It uses a flat rectangular cartridge holding one disc per side, and the entire drive mechanism rotates around to each disc -- very cool. You can get at the front disc without completely pulling out the cartridge. It's possible to perform a complete four-disc swap in your lap while driving with one hand and without looking (once you've chosen your titles of course) with a little practice. (You could also keep spare cartridges and just swap out the whole cartridge, I suppose.) The cartridge itself is pretty rugged, with no swing-out arms or other parts to break off easily like many CD changer cartridges.
The entire front face is removeable. I once dropped the face (in its carrying case) from a second story balcony onto solid concrete, and while the LCD cracked and a couple of incidental indicators are gone, it continues to work fine. The unit is well-designed as a whole, less fragile-feeling than I'd anticipated.
It takes about four seconds to change from a track on one disc to a track on another. The whole time I've had it the thing's skipped once (on a potholed cobblestone alley in San Francisco), despite less-than-ideal road conditions. The 10-sec buffer works.
One thing about this deck that some people hate and some people like: several functions are not controllable from the head unit itself, but only from the remote commander (the 2.5-inch tall joystick-looking thing). Track change and forward/reverse scan and tuner scan (pretty essential) are two such functions. This is actually advantageous if you can mount the remote commander on or near the driver's door and away from the center console, because it means your passengers won't go messing with the stereo changing stations or tracks. (I recently got a new car and had to put the remote commander in the center console, and now my best friend thinks he has free license to change/skip tracks or entire discs whenever he wants. At one point I had to tell him to leave my stereo alone or get out of the car. He still messes with it on occasion, and I've kind of given up. But I suppose how this affects you depends on who your friends are.)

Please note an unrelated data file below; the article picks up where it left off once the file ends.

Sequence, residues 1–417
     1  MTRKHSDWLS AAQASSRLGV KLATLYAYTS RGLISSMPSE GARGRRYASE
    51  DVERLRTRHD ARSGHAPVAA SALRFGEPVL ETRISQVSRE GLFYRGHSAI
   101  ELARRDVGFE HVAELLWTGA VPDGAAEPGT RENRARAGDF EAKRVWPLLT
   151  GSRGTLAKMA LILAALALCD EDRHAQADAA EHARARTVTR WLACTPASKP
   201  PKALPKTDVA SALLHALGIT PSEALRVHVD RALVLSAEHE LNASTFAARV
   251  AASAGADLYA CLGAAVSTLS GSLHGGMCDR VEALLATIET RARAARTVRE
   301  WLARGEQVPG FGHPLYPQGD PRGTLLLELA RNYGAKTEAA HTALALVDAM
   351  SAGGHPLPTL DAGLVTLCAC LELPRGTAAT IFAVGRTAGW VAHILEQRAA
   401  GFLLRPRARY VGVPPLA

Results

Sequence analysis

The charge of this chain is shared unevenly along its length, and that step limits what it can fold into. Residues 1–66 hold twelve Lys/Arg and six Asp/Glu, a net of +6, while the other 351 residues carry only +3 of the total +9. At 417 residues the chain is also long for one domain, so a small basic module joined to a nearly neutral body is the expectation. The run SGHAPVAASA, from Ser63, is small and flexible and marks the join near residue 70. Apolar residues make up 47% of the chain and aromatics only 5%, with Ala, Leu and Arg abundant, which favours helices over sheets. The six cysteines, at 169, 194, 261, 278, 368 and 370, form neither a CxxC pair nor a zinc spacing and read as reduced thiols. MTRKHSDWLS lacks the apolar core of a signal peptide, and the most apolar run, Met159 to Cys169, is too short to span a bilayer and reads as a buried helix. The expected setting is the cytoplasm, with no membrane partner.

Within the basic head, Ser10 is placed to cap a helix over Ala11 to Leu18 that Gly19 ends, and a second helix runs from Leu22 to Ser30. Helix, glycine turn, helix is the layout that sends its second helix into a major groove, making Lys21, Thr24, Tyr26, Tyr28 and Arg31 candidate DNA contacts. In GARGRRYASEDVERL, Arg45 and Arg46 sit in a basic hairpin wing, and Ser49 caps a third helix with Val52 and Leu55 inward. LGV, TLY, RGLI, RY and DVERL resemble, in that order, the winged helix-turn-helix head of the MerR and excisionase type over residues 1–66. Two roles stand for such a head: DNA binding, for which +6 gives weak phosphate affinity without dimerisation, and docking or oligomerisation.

I know of a three-disc no-cartridge Sanyo deck that's been out for a year, but haven't actually played with one.
There's also the MDX-60 standalone six-disc change-while-playing no-cartridge MD changer, which is supposedly compact enough to fit in some gloveboxes or elsewhere in the passenger compartment. This, combined with a CD head unit, might be a good alternative, if you can get the MDX-60 mounted somewhere within reach. Of course, I don't think you'd be able to see the disc/track labels on the head unit that way.
The MDX-400 is really expensive, though; if you use MDs for music mixes you may not need the capacity -- an MDX-C150 single-disc head unit with 10-character LCD and CD changer with CustomFile support is about half the price and comes with a (weak) built-in amp for lo-rent installs.